This is the corresponding increase to the "subtle decrease" I posted about earlier. The structure of this increase is exactly the same as the subtle decrease, only flipped 180 degrees. This increases the possibilities of symmetry in your knitting... you can create a fabric that looks essentially the same upside-down as right-side up.

 

There is a difference between the increase and the decrease, however. The increase shown here is a good deal looser than the decrease. There may be a way to compensate for that, but I haven't figured it out yet.

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"Subtle" increase

Download now or watch on posterous
subtle increase.mov (15658 KB)

This is the corresponding increase to the "subtle decrease" I posted about earlier. The structure of this increase is exactly the same as the subtle decrease, only flipped 180 degrees. This increases the possibilities of symmetry in your knitting... you can create a fabric that looks essentially the same upside-down as right-side up.

There is a difference between the increase and the decrease, however. The increase shown here is a good deal looser than the decrease. There may be a way to compensate for that, but I haven't figured it out yet.

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Tuesday, August 18, 2009

Cube chapeau


Cube chapeau, originally uploaded by fuzzyjay.

40 of 60 squares done.

Saturday, August 15, 2009

18 of 60 squares


18 of 60 squares, originally uploaded by fuzzyjay.

18 down, 42 to go!

Friday, August 14, 2009

Cabled Entrelac cube 9 of 60 done

Sitting atop the diagram. There are only 51 squares to go! It's very symmetrical at this point...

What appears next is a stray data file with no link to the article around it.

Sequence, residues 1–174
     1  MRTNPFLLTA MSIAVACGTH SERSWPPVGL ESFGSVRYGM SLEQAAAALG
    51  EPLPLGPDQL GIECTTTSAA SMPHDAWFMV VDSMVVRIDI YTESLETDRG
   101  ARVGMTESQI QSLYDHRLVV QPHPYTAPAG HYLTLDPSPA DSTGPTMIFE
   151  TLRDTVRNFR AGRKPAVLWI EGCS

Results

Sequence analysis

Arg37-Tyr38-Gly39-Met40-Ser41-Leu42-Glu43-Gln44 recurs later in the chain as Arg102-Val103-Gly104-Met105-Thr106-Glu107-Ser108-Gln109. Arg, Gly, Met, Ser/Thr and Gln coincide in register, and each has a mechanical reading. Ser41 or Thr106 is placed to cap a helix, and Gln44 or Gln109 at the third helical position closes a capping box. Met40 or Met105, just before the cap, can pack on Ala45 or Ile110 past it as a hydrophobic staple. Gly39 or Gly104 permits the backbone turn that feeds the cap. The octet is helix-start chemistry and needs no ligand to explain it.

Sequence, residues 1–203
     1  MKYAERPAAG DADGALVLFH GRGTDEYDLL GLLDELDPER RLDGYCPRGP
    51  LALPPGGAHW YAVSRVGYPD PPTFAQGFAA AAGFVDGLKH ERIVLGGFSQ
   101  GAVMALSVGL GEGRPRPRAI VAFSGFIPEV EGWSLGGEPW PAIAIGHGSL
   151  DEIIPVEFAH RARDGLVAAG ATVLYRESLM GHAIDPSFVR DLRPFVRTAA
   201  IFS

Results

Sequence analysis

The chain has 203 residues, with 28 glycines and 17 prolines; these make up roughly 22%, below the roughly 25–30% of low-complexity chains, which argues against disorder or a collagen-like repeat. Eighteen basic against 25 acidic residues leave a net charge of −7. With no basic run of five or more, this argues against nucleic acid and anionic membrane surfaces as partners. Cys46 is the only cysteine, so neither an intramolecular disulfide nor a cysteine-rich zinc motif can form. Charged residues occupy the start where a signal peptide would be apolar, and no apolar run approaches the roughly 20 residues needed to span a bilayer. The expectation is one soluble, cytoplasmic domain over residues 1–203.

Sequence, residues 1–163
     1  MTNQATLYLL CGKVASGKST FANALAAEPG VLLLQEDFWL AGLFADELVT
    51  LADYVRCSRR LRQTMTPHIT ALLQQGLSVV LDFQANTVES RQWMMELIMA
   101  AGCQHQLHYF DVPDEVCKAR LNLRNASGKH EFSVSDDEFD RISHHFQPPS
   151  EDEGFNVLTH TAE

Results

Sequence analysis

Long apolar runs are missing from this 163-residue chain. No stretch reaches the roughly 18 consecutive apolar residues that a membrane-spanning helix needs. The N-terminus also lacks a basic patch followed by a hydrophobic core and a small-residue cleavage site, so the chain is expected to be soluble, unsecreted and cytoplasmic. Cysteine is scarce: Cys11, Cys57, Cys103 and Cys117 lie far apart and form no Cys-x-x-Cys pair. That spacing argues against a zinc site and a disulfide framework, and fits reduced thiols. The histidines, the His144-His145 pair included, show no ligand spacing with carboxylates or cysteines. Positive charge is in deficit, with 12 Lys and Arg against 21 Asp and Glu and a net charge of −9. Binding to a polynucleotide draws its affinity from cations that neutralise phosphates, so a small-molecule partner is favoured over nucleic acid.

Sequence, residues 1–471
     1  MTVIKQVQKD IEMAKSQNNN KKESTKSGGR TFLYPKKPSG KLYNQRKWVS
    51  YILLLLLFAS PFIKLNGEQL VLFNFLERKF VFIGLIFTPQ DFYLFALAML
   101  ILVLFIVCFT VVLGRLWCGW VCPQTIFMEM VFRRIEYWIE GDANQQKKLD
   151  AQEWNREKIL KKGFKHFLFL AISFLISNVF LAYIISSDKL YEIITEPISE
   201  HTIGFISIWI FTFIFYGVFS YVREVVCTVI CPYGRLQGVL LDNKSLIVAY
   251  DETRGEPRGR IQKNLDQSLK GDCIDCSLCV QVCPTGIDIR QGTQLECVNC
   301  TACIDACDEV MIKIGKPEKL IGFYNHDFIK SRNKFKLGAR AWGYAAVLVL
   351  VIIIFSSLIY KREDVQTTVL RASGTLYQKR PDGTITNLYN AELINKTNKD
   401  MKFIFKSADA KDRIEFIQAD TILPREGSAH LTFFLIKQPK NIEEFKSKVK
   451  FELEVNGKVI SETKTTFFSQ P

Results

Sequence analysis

Entrelac Cubes with Continuous Cables

The first 8 sizes possible of entrelac cubes that contain continuous cables. For each cube, I show one face of the cube, the number of squares in the whole cube, the coordinates of the edge of the base square (the face of the cube), and the number of squares as a multiple of the first (12-square) cube's squares.

Thursday, August 13, 2009

60-sq Cabled Entrelac Cube Diagram

OK, this is a mess, but it shows that this cube can be knitted in one continuous strand of yarn, with only one small grafted seam. There are a lot of cast-ons, though. Squares 1, 4, 10, 19, 20, 24, 29, 35, 40, and 54 are cast on in the middle of working the piece. (This can be done with a provisional cast-on or a backward-loop cast-on.)

60-square cabled entrelac cube diagram

This is a 60-square entrelac cube, punctured, cut, stretched out and laid flat. With a little repetition of the pattern formed by the braids and the squares. This is a much more elaborate braid than the others. There is a 48-square cabled entrelac cube in between the 24 and 60 that I haven't diagrammed yet.

60-sq entrelac cube with cables


60-sq entrelac cube with cables, originally uploaded by fuzzyjay.